Identifying as asexual

On Monday, The YouthProject along with prideHealth, Nova Scotia Rainbow Action Project and South House, screened the documentary (A)sexual as a part of Asexuality Awareness Week. The documentary revolved around youth who struggle to prove the legitimacy of asexuality in a society where the pressure to engage in sex is present in many forms.

By Jillian Morgan

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On Monday, The YouthProject along with prideHealth, Nova Scotia Rainbow Action Project and South House, screened the documentary (A)sexual as a part of Asexuality Awareness Week. The documentary revolved around youth who struggle to prove the legitimacy of asexuality in a society where the pressure to engage in sex is present in many forms.

The screening, which took place in the Royal Bank Theater, was primarily filled with students and youth who came to enjoy the company of other like-minded individuals. A discussion among the audience followed the screening in which many people agreed that asexuality demands more representation.

Asexuality is a term applied to people who feel no sexual attraction or desire. The definition for asexuality has become significantly more complex as increasing amounts of youth chose to identify as such.

A survey studying 287 individuals conducted by the Asexuality and Visibility Network, a website which promotes acceptance of asexuality as a sexual identity, reported that, in 2008, 51 per cent of people who identified as asexual were currently attending university.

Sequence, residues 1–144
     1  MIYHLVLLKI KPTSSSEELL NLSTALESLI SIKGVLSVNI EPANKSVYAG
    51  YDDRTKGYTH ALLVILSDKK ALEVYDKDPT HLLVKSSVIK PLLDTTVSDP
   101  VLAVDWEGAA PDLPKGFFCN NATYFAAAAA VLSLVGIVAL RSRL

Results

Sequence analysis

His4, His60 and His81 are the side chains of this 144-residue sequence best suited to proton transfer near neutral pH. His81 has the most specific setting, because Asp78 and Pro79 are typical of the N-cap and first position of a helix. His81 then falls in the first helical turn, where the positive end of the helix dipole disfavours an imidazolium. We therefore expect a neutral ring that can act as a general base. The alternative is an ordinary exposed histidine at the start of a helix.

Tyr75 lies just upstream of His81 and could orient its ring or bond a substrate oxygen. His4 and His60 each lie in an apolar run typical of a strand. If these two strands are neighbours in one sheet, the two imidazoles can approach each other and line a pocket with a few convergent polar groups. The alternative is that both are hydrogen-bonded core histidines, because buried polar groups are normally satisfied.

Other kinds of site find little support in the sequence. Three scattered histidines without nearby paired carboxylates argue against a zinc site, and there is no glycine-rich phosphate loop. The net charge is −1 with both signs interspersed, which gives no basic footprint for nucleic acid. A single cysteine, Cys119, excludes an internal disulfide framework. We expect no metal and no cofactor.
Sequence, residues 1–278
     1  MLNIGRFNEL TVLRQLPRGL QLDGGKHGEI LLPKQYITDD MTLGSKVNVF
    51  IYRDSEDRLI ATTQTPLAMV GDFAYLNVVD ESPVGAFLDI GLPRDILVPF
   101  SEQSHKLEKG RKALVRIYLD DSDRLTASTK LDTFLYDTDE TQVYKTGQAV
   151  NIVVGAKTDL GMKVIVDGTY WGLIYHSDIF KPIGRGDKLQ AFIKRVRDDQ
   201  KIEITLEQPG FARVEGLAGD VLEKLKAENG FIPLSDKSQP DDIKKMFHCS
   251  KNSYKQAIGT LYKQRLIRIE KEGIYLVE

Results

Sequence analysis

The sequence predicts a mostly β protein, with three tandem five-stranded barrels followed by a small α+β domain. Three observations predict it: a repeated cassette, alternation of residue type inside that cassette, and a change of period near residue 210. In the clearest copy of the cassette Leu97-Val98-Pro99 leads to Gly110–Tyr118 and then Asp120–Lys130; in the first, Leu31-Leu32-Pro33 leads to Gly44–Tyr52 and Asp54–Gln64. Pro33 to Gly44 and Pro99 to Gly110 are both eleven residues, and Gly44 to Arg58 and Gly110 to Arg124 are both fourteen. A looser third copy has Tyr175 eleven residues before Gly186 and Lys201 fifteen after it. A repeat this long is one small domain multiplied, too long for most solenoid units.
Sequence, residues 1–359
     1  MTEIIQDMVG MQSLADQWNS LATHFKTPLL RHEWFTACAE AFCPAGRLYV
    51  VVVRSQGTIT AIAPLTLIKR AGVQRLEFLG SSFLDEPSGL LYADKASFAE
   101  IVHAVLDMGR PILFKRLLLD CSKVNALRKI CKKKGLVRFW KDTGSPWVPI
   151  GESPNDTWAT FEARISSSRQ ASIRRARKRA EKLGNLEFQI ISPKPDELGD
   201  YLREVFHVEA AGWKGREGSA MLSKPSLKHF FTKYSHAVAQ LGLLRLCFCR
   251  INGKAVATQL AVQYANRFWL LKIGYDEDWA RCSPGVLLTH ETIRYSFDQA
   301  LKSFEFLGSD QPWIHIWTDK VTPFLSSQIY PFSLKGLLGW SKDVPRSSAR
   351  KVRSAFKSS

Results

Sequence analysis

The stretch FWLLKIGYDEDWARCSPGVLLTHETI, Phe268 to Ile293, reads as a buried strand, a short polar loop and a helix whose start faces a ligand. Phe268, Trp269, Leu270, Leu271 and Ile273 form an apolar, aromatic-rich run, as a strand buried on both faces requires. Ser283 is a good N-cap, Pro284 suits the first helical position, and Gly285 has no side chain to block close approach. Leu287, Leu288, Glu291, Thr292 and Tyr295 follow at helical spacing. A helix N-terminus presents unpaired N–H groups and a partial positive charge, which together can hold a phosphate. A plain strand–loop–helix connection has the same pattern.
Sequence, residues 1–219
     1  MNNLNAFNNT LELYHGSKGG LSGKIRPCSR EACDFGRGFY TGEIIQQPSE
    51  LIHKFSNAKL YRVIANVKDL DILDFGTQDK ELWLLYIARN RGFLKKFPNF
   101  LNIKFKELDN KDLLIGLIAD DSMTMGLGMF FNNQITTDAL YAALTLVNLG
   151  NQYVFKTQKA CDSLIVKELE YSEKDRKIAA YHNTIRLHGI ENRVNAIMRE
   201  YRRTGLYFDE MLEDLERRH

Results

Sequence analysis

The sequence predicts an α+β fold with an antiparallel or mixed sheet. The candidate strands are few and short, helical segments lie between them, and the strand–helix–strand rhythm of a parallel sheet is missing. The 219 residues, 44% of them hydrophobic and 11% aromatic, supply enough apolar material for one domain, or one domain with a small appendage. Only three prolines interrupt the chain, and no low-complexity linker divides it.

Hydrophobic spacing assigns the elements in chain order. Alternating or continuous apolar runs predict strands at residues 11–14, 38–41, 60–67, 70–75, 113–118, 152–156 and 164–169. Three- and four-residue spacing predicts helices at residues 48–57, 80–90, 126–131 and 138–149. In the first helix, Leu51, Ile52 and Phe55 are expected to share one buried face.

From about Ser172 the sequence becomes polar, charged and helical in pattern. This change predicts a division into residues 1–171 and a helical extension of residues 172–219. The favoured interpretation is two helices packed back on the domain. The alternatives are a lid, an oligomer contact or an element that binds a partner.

Sheena Jamieson, The YouthProject Support Services Coordinator, said that the importance in having a word to identify with has not yet been lost.

“I don’t think we’re in a place yet where we don’t need that community and don’t need other people to feel okay in finding a place for ourselves,” she says. “When we don’t talk about it, it leads to feelings of shame and anxiety and guilt and a lot of judgments about ourselves.”

“Asexuality at its basic is people who are not sexually attracted to anyone,” she says. “That could not necessarily mean that people don’t have emotional attractions or romantic attractions but physical attraction is not present.”

In order to deal with the pressure of the media to engage in sex, Jamieson recommends “talking about hypersexuality and how the media talks about sex, and getting youth and everybody to talk about sexuality in a way that’s healthy.”

Asexuality Awareness Week, which began in 2010, aims to provide community support for young people who identify as asexual by promoting visibility and awareness surrounding asexuality.

“I think when we talk about sexual orientation we need to realize asexuality is a part of that so in our work at the Youth Project when we talk about sexual orientation, we talk about asexuality and we include it in the conversation,” says Jamieson. “It’s a part of our identity.”

Events such as the documentary screening prove to be an effective way to promote resources and information surrounding asexuality but there is still more work to be done.

Jamieson says we need to “listen to the voices in our community and give them a platform to talk about their own experience because there are asexual people that are a part of the LGBTQ community because they identify as LGBTQ but also as asexual.”

Members of the asexual community are encouraged to join in on the online conversation happening on the Asexual Visibility and Education Network.